Other task conditions have also been studied such as the limitations of individual contacts on ball location (Dellal, Lago-Penas, Wong, & Chamari, 2011), goals (Duarte, et al., 2010), the non-use of goalkeepers (Mallo & Navarro, 2008) and the use of neutral players (Evangelos et al., 2012). From those task conditions, it was found that the limitations of touches per player, the non-use of goalkeepers or the non-use of goals increased the heart rate responses of soccer players. The use of neutral players is not consensual in the few studies that research the issue (Bekris et al., 2012; Evangelos et al., 2012). Nevertheless, the use of neutral players is widely used by coaches as a didactical strategy (Mitchell, Oslin, & Griffin, 2006). Such task conditions provide the offensive team or defensive team an additional player to perform the collective organization and to take advantage of the opponent. Despite the importance of this task condition, to our knowledge, no studies analyzed the influence of being neutral player in the SSG context.

Therefore, the aim of this study was to inspect the performance of neutral players1 during different games. The study inspected the neutral players' responses in different games using four formats (1v1, 2v2, 3v3 and 4v4) and three task conditions (T1: no goals, but endline; T2: two smaller targets; and T3: one smaller target). The heart rate responses and time-motion characteristics were inspected throughout the all games.

Methods

Participants

Ten male amateur soccer players (26.36 ± 5.33 years old, 8 ± 3.2 years of practice, 179 ± 5.4 cm, 71 ± 7.1 kg, VO2 max of 45.81 ± 2.63 ml kg-1min-1, 66.18 ± 10.16 bpm at rest) from the Portuguese regional league participated in this study. The study was carried out respecting the Helsinki Declaration (Ethics Committee from Polytechnic Institute of Coimbra, approval # ESEC.O01.09.13).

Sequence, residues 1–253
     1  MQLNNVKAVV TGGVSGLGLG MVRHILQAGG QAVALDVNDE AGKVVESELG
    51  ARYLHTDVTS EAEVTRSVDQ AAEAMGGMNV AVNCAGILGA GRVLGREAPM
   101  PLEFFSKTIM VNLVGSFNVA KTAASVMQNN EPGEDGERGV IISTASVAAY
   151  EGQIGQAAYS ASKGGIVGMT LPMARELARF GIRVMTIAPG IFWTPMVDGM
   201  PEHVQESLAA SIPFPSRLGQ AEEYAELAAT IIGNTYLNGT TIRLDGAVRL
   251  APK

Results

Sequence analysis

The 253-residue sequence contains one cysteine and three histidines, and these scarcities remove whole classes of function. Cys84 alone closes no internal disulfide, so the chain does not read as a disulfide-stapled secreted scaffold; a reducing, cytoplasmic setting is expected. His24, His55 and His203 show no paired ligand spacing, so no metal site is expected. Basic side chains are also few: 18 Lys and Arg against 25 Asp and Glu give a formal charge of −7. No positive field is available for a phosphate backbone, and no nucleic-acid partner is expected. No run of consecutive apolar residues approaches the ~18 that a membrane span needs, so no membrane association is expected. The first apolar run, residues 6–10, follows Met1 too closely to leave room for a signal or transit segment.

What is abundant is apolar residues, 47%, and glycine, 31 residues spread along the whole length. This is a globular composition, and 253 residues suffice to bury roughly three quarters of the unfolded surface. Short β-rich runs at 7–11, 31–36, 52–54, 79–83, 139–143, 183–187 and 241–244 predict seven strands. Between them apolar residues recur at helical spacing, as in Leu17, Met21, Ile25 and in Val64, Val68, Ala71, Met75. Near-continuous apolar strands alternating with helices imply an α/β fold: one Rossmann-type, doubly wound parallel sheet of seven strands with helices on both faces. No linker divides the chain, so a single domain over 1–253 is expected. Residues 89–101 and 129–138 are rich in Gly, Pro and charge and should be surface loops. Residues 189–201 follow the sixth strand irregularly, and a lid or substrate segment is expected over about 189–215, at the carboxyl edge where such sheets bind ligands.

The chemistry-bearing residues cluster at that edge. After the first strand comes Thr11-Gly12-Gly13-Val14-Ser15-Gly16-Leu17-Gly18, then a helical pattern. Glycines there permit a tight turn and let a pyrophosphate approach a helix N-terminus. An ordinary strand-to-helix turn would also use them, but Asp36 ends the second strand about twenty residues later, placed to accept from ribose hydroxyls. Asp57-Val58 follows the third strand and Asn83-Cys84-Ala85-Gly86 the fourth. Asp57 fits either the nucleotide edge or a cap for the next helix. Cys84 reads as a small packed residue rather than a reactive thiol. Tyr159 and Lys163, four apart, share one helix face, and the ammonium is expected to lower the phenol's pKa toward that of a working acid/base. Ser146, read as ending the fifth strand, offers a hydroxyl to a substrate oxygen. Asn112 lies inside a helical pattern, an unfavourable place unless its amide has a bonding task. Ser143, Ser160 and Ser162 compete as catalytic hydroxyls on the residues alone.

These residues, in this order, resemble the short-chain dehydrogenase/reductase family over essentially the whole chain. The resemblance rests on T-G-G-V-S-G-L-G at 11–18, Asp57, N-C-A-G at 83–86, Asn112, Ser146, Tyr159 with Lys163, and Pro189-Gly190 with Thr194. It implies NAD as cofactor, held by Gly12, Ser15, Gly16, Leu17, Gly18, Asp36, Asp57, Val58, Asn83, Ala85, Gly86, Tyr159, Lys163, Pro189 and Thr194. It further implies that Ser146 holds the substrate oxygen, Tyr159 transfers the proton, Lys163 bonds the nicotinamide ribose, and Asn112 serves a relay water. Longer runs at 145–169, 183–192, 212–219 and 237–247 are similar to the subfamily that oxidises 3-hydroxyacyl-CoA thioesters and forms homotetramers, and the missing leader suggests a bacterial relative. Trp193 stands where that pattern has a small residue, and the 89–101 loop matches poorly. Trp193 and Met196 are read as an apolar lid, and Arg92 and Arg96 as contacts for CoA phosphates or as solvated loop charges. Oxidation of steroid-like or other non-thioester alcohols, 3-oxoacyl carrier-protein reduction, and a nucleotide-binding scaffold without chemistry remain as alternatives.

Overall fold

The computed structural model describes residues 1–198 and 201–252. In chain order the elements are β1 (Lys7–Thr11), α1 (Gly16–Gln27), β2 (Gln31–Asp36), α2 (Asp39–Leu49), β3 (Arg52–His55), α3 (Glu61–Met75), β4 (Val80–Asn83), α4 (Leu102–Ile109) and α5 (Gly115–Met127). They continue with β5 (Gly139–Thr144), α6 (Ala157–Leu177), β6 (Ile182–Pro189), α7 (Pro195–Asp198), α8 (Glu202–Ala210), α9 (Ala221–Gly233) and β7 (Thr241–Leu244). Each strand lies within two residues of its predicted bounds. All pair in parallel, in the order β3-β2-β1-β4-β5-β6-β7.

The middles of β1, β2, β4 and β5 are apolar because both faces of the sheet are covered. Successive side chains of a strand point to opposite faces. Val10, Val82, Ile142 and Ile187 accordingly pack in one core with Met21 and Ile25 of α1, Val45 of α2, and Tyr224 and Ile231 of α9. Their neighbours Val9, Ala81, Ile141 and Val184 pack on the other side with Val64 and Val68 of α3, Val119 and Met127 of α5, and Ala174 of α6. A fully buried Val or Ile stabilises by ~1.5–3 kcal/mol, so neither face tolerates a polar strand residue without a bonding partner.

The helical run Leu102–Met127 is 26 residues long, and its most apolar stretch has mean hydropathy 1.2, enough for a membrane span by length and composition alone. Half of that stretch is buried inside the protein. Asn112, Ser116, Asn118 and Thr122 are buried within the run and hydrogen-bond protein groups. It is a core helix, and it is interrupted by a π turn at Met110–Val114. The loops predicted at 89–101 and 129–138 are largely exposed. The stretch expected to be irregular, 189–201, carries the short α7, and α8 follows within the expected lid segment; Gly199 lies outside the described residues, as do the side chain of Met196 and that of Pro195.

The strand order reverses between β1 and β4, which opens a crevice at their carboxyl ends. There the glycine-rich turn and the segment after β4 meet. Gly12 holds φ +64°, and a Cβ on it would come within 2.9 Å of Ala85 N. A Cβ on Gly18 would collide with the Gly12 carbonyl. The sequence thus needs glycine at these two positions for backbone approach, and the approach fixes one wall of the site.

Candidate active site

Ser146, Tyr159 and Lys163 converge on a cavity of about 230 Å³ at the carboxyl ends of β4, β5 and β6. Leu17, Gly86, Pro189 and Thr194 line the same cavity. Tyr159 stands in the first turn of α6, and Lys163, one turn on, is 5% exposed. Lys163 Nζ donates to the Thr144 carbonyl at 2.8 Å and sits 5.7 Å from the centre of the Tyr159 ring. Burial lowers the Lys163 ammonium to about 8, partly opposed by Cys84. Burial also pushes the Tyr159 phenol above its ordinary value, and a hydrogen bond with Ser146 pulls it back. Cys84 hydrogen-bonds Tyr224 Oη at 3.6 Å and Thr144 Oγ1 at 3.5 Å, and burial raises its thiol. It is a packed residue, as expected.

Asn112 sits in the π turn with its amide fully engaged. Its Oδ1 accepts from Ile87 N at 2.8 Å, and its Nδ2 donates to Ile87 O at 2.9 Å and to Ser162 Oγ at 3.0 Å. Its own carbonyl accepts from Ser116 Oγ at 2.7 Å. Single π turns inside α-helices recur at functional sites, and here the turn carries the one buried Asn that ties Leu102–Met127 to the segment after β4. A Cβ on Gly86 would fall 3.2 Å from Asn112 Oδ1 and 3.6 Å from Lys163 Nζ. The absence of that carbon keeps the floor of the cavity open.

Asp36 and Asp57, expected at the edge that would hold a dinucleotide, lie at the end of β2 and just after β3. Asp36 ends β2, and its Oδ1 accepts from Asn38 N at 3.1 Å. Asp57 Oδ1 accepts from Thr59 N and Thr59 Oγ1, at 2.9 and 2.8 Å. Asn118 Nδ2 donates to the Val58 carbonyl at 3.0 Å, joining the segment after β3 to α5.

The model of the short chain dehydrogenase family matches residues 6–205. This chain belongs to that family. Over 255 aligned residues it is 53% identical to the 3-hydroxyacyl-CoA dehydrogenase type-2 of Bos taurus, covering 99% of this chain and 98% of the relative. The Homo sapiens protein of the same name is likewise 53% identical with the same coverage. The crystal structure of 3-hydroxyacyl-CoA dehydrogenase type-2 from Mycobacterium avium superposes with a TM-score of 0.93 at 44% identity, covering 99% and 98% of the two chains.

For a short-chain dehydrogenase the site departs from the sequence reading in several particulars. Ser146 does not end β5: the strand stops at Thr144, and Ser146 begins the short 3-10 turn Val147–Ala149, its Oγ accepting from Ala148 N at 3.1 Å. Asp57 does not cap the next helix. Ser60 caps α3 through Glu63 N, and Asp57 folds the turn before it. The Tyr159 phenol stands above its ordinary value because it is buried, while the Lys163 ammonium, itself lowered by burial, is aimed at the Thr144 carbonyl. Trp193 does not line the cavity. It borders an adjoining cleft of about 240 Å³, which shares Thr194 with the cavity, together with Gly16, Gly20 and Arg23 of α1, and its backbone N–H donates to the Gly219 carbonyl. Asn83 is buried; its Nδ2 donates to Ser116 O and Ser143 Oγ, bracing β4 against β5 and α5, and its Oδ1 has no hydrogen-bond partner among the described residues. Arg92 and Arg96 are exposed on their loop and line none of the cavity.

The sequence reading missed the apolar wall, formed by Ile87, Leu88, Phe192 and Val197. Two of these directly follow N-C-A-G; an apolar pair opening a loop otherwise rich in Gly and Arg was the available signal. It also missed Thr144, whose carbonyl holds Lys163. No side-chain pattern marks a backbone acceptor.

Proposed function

In order to ensure the normality in players' lifestyle, they were asked to maintain normal daily food and water intake during the period of the study's intervention. Before the study, all players were familiarized with the experimental procedures. Players were also provided with the fundamental information about how to control the heart rate monitors. All players undergoing a training regime for three-months, carrying out soccer-specific training sessions lasting 70 to 90 minutes. Players participated in three training sessions per week plus one match.

Design

The aim of this study was to analyze the effects of different SSG formats (1 vs. 1+2, 2 vs. 2+2, 3 vs. 3+2 and 4 vs. 4+2)2 and task conditions (scoring in the endline - T1, two targets - T2 and in a central target - T3) on heart rate response and time-motion profile of neutral players. These formats were selected due to their own characteristics to increase the individual participation in the task (technical actions). Moreover, following the international literature, these formats are similar regarding the heart rate responses and time-motion profiles (due to their categories - small games, not medium) (Clemente, Martins, & Mendes, 2014; Little, 2009); thus, it is important to identify what differences exist between games with similar effects. From the two variables, 12 games were carried out as seen in Table 1.

Table 1. Characteristics of the small-sided games. 

Format Task condition Game duration (min) Duration of recovery between SSG (min) Field Dimensions (m) Field Total Area (m2) Area per Player (m2)
1v1+2 T1 3x2 min 2 min 16x11 m 176m2 ~90m2
T2
T3
2v2+2 T1 3x3 min 3 min 19x19 m 361m2 ~90m2
T2
T3
3v3+2 T1 3x4 min 4 min 23x23 m 529m2 ~90m2
T2
T3
4v4+2 T1 3x5 min 5 min 27x27 m 729m2 ~90m2
T2
T3